Essential Microsoft Security insights from intY
The practice of protecting devices, networks and data from unauthorised access or attacks has become a critical component of modern life, as many of our personal and professional activities are conducted through digital channels.
Cybersecurity solutions reduce the risk of cyber-attacks, which can have serious consequences for individuals, your business, and your customers, including financial losses, reputational damage, and the loss of sensitive information.
As cyber-attacks grow in sophistication, it’s crucial to learn how to protect yourself and your customers. We’ve compiled the latest information on cybersecurity to help you understand the scale of the problem and the tools at your disposal.
What are the main types of cybersecurity?
Cybersecurity is a complex and ever-changing field, so it’s essential for organisations to take a comprehensive approach to protect their systems and data. This approach should include not only the five core types of cybersecurity (critical infrastructure security, application security, network security, cloud security, and IoT security) but also the three components that play a critical role in any cybersecurity solution: people, processes, and technology.
People are often the weakest link in an organisation’s security, so it’s essential to provide employees with regular training on cybersecurity best practices and the potential risks of human error.
Processes provide a structured approach to detecting, identifying, and responding to threats, as well as recovering from incidents – a Zero Trust approach should be a fundamental pillar of any strategy.
Technology, of course, plays a crucial role in cybersecurity, from the use of firewalls and other security tools to secure data storage and backup systems. Still, it should not be relied upon alone.
By taking a holistic approach that encompasses all these elements, you can significantly improve your defence against cyber threats and reduce your overall risk.
The current state of cybercrime
Cybercrime is still a major threat, with ransomware being a top concern. This type of malware is used by cybercriminals to prevent or limit access to people’s systems or data until a ransom is paid. Commodity attacks, which are high-volume but low-tech, also continue to target individuals and small businesses.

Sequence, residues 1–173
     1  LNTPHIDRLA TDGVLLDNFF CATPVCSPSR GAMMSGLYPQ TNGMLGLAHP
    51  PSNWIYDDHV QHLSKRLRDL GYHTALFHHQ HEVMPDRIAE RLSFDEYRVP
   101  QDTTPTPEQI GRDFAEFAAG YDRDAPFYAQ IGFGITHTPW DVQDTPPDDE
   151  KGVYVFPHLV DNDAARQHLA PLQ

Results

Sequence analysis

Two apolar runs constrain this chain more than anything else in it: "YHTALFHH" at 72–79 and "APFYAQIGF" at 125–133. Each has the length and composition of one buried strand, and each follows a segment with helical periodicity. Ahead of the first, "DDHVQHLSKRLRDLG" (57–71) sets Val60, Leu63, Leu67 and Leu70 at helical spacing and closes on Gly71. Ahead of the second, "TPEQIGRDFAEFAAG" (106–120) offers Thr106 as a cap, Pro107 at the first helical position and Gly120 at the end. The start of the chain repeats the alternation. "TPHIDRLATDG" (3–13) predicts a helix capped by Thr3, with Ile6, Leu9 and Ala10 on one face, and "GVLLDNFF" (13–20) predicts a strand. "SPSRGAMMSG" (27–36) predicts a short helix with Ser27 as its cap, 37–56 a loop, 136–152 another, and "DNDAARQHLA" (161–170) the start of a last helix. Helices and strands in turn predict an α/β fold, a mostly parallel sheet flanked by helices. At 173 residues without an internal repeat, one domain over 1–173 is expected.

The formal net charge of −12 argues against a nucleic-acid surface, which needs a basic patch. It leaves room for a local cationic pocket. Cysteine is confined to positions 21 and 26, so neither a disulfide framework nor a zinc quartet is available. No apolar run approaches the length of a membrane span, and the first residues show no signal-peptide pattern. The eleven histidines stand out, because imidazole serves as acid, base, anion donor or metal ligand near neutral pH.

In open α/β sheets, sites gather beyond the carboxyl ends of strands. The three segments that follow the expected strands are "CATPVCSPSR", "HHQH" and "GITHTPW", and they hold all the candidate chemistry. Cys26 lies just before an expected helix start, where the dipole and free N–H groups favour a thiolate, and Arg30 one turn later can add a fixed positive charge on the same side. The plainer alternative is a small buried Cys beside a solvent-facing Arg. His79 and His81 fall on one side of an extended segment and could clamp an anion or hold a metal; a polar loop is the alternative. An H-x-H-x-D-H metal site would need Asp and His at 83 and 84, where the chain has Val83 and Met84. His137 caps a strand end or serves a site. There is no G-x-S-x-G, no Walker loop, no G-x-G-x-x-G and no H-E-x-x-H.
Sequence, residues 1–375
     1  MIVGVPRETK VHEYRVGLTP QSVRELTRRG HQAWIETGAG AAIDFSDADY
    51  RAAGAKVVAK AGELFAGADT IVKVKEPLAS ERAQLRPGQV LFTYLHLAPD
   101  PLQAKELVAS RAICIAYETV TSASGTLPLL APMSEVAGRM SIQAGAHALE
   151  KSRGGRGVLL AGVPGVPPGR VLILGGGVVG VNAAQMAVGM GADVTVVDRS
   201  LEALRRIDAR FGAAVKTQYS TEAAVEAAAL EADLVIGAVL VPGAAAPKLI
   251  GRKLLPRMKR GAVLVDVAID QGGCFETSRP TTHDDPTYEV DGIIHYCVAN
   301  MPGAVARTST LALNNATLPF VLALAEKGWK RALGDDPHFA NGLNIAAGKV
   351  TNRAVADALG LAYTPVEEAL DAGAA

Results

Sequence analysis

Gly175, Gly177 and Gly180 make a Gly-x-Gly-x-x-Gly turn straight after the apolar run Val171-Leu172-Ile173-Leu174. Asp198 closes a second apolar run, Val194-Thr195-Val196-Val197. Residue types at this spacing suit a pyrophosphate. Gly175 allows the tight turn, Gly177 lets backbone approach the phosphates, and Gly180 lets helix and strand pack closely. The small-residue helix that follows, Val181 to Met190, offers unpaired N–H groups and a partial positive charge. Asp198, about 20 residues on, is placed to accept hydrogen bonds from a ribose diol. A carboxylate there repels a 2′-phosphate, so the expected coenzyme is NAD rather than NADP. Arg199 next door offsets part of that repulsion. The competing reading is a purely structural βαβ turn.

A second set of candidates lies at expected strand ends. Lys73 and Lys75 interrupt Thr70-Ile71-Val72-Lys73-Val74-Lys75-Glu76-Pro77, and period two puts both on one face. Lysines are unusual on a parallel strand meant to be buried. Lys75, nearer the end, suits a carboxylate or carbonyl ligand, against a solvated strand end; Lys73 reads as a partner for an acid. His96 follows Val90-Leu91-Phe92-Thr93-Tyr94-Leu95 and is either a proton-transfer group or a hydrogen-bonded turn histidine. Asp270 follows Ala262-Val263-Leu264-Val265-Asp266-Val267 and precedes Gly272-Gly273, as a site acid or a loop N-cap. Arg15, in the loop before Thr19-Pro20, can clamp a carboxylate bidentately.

The proliferation of powerful cyber tools and their increased availability to state and non-state actors has led to more supply chain attacks. These happen when attackers get into an organisation’s systems via its third-party vendors or suppliers. Global digital transformation and the explosion of cloud-based technologies has also caused a significant increase in vulnerabilities.
A key shift in the cybercrime landscape is coming from state actors like China, Russia, Iran, and North Korea. China targets third-party tech, software, and service supply chains, while Russia uses its cyber powers to cause maximum damage in Ukraine. Iran was called out by several security agencies in November 2021 for exploiting Microsoft and Fortinet vulnerabilities. North Korea, though not as advanced, uses cybercrime and theft to help its struggling economy. These countries use their cyber capabilities for various purposes, including espionage and stealing data for commercial gain.
Cybersecurity – how did it get to this point?
If you know the history of cybersecurity, it’s easy to see how we arrived at the current situation. It all began in the 1970s when an engineer created the first non-malicious worm called “Creeper.” This led to the development of the first antivirus software, “Reaper”, which started the ongoing cat-and-mouse battle between cyber attackers and defenders. In the 1980s, commercial antivirus programs were launched, but it was the advent of the internet in the 1990s that truly sparked growth in the field.